Banxico: The markets expect the Bank of Mexico to raise the interest rate in Rodríguez’s first decision as governor


Victoria Rodríguez Ceja during the morning conference on November 4, 2021.
Victoria Rodríguez Ceja during the morning conference on November 4, 2021.

This Thursday the first monetary policy decision of the Governing Board headed by Governor Victoria Rodríguez, who took the reins of the Bank of Mexico on the first day of the year, after a controversial nomination by President Andrés Manuel López Obrador, will be announced. Her mandate is to preserve the purchasing power of Mexicans, a complicated task at a time when the economy is showing signs of weakness and inflation continues to rise.

Annual inflation reached 7.07% in January, according to the most recent data from the National Institute of Statistics and Geography (Inegi). A reference interest rate could contain inflation expectations, but also work against economic growth. Last week, the Inegi reported that the economy shrank -0.1% in the last quarter of last year. Spinning two quarters of economic contractions, Mexico entered a “technical” recession, according to analysts.

A third key factor that the central bank’s Governing Board will need to consider at its meeting on Thursday is the impending rate hike by the Federal Reserve (Fed), the central bank in the United States. The expectation is that the Fed will raise its rate in March as a first step towards a tighter monetary policy (or hawkish, as it is known). This has emerging countries concerned, since a higher rate in an economy as large and strong as the United States would imply a migration of capital. Central banks in Brazil and Chile, for example, have been among the most aggressive, raising their rates significantly in recent months.

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The Bank of Mexico, for its part, has raised rates five times since June, by a cumulative 150 basis points, while inflation remains well above the target of between 2% and 4% per year. “Both short-term and medium-term inflation expectations have risen,” Carlos Capistrán, chief economist at Bank of America, said in a report this week. “The Bank of Mexico will have to increase its inflation forecasts again. With the US Federal Reserve poised to hike and with other central banks aggressively hiking in the region, Banxico is under pressure to continue to hike despite very weak growth in Mexico.”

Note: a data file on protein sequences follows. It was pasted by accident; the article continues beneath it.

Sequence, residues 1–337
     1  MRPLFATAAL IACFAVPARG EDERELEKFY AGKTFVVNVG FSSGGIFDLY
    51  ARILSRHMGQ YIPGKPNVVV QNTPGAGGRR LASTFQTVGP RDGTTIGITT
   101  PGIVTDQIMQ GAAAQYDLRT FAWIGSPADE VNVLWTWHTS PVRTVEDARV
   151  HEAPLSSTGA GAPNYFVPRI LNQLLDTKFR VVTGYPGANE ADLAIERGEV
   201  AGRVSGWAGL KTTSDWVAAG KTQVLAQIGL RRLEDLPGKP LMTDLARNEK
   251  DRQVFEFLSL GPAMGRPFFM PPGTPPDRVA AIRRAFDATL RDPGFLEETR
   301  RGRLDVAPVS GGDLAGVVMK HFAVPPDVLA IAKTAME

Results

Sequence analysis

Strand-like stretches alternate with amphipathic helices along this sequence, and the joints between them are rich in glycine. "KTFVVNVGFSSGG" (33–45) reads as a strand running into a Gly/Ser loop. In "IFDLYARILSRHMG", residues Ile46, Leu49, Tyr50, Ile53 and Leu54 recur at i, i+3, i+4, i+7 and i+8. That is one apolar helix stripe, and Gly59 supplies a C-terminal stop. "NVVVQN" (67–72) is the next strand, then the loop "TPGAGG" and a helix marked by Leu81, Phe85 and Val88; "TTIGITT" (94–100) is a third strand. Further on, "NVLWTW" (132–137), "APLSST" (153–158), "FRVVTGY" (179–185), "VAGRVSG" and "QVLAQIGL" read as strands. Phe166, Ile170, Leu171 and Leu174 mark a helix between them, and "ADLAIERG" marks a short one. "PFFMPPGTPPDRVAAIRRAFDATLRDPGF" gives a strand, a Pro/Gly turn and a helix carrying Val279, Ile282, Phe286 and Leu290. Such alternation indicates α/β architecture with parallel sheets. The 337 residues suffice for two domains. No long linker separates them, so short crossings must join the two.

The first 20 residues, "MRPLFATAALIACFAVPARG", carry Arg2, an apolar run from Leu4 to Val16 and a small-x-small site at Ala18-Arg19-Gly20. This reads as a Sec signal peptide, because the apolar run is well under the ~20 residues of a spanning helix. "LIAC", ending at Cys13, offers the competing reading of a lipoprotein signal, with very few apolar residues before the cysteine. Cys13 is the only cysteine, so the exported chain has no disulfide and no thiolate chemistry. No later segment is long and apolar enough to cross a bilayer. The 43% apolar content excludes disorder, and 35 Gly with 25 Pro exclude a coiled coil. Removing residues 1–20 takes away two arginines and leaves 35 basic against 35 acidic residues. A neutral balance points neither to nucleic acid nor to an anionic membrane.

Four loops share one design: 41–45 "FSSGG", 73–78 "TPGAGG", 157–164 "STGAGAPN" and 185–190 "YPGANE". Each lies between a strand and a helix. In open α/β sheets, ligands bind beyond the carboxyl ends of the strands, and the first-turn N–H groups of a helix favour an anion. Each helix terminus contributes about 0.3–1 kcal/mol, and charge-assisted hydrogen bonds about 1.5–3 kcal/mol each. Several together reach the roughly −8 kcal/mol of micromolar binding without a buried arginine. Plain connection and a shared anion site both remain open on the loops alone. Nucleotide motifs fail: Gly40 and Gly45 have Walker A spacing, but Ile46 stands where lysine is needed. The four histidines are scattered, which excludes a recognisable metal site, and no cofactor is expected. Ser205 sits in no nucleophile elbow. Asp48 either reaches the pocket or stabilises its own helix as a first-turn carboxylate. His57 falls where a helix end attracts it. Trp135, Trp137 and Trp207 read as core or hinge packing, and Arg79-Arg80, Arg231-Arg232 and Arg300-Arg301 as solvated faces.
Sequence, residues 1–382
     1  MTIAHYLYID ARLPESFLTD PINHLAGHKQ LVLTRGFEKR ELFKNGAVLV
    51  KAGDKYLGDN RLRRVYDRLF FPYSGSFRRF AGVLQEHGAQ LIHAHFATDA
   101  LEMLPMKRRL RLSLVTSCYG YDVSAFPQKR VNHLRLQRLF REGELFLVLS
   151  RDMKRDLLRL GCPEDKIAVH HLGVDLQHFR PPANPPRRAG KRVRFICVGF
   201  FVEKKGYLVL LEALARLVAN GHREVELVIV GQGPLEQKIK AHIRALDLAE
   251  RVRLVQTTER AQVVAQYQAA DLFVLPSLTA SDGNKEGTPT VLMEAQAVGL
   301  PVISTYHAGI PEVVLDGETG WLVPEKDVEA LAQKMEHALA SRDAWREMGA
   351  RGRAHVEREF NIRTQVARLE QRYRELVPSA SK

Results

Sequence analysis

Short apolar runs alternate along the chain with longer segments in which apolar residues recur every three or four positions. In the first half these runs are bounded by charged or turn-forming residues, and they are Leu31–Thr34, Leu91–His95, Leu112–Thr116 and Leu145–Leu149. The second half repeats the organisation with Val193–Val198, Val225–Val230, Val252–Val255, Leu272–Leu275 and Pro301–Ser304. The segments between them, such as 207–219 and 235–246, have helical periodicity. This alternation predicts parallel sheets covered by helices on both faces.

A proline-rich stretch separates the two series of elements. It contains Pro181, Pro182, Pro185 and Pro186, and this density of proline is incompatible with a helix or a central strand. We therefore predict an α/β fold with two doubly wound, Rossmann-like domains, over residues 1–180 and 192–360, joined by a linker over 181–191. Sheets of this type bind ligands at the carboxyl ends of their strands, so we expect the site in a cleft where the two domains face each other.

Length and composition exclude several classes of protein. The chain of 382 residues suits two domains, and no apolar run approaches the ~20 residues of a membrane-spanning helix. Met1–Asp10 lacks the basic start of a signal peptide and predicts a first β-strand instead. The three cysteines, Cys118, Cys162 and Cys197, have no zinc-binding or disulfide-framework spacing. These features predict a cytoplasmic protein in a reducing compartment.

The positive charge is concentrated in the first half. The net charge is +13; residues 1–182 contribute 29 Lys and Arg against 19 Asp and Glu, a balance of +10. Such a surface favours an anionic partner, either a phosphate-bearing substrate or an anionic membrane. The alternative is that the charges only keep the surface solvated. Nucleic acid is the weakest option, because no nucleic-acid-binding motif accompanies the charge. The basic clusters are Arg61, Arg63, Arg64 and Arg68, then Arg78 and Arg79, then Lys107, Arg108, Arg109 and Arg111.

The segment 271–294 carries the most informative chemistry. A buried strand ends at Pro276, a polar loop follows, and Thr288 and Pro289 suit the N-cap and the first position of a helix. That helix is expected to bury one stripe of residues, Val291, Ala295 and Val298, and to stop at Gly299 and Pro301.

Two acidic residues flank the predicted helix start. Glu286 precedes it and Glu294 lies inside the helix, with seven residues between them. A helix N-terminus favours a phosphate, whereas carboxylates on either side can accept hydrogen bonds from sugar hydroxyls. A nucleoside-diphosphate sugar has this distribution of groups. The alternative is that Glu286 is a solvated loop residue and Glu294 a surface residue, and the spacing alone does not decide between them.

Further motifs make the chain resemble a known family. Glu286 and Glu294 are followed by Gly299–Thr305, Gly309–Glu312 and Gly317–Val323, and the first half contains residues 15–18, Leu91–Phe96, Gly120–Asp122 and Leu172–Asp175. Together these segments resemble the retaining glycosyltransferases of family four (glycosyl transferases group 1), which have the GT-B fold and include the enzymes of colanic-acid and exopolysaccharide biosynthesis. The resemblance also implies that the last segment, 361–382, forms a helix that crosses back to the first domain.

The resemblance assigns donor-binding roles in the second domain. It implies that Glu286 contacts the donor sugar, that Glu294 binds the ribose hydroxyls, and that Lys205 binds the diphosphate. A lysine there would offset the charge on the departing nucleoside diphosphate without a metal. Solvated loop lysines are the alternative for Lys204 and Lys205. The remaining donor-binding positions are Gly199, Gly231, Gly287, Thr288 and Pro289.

The new Governor, Rodríguez, is the first woman to lead the bank and the first to reach the top without having previously made a career within the bank. Her experience focuses on budget and public finance issues, and her career has always been close to López Obrador. At the time of her nomination, opposition legislators and analysts criticized the lack of experience of the candidate, an economist with a master’s degree from the College of Mexico (Colmex). “The new Governor is going to pull a little more on the growth issue, more dovish, and it has all the tools to justify it,” says Jesús Garza, professor at the Tecnológico de Monterrey business school, EGADE, and CEO of the financial firm GAMMA. Garza even expects the Board to announce a hike of 25 basis points, which would surprise the market.

“What the market thinks, that is, the expectation that they will rise 50 points, is somewhat distant from the political issue,” adds the specialist. Board member Gerardo Esquivel “has already done so, saying that the economy has not finished recovering, it is clearly slowing down and that raising the rate too much is going to be detrimental to growth.” López Obrador, who has argued on several occasions that the Bank of Mexico is also responsible for economic growth, has appointed four of the five members of the board.

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“Banco de México must raise 50 basis points,” says Garza, also a former central bank official, “the bank must anticipate a rise by the Fed and be very aggressive, also understanding that inflation continues to rise and that many central banks of countries emerging are doing it that way. This is the time to be aggressive because, later, the cost can be much higher.”

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George Holan

George Holan is chief editor at Plainsmen Post and has articles published in many notable publications in the last decade.

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